Or should I?, I began to think, in my last weeks of the pregnancy. My final chance for hormones to take the behavioral blame, I’d begun wondering if I should let my larynx loose like my prenatal yoga-stretched ligaments. Next time I would be passively accused of abusive atrocities, I kept promising myself, I would proudly declare the truth: “No, I will not be giving birth in an organic sink in the Park Slope Food Co-op followed by a barbecued placenta brunch, nor will I use diapers made of fair-trade recycled sweaters!”
My fantasies, however, were interrupted by something else: birth. Despite months of meticulous planning, my water broke at 3am, just 13 hours before my scheduled C, and when none of the specialist surgeons I’d rigorously lined up were on-call. I unexpectedly went into heavy labor — I hadn’t taken the class for that.
More frightening was that quickly my fetus went into acute distress. The monitor went silent. The doctors lost her heartbeat. My planned Ceasarian became an emergency one. I was, within seconds, surrounded by MDs, whisked to an operating room, and without knowing what was happening to me, immediately put under general anasthetic. The obstetrician, whom I’d never met before, miraculously took my healthy daughter out in one minute.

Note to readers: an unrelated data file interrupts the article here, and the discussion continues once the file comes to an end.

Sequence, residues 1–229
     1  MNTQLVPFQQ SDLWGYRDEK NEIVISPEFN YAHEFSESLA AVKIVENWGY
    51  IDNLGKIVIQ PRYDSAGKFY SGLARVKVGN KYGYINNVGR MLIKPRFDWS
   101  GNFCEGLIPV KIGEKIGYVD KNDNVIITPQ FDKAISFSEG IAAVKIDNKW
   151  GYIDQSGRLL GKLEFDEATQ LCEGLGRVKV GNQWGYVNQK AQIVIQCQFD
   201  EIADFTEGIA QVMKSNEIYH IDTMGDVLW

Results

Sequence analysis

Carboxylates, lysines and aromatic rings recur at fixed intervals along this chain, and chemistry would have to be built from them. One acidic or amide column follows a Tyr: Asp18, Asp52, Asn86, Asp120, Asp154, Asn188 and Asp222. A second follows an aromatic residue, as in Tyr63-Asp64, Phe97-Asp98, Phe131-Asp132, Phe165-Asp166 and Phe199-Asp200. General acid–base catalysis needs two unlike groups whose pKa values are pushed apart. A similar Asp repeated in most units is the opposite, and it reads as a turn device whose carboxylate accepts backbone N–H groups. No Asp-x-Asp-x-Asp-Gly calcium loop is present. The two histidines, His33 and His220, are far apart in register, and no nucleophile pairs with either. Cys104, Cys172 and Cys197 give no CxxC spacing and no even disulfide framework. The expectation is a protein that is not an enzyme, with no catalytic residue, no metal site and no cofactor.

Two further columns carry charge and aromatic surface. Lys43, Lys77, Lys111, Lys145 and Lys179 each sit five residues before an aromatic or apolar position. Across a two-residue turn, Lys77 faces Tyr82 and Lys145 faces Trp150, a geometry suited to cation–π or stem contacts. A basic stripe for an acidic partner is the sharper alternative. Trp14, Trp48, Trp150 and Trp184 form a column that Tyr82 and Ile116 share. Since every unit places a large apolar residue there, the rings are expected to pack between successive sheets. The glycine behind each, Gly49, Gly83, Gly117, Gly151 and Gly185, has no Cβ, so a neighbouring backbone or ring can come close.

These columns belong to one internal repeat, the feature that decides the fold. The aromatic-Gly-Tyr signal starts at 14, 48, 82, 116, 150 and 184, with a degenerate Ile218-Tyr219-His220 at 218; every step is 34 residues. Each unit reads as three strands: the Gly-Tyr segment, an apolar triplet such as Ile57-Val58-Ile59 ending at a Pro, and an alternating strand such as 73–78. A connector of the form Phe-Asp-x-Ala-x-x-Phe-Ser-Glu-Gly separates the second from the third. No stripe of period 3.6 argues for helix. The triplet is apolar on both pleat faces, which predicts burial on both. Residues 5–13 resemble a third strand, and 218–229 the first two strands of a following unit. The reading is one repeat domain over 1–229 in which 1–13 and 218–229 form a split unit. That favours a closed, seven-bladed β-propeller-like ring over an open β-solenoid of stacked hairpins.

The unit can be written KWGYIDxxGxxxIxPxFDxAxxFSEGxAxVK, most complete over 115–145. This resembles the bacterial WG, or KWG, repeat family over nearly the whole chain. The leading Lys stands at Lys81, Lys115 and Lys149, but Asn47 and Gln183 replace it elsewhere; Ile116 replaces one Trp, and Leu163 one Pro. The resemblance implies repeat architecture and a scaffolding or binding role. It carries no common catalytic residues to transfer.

(Which, I joked to my husband, is about how long it took to put her in.)
This all reminded me, at the literal last minute, not merely of my fortune and life’s fragility, but also, how parenthood can’t be planned. Whether I was planning for a premeditated C or bath-birth, this distress would likely have occurred. Had I listened to those judging me, and had the O.R. not already been prepped for me, the situation could have been much worse.
Two hours after the surgery, when I was just coming to, a nurse handed me my baby, asking if I wanted to feed her. I panicked. It was my first act of motherhood, and my mind suddenly echoed with myriad theories about how and when to nourish, with what positions, motions, and degrees of skin contact.
But while I was busy worrying about my technique, my daughter — with her incredible blue-eyed, porcelain doll face; a warm, breathing creature that had miraculously developed inside my stomach — beelined for my breast and confidently, firmly latched on. She knew what to do. I understood: Motherhood was something that the two of us would figure out together.
Judy Batalion is a writer and performer based in New York City. Her work has appeared in Salon, the Washington Post, the Huffington Post, the Jerusalem Post, and Nerve among others. She is currently working on a memoir. Visit her at www.judybatalion.com.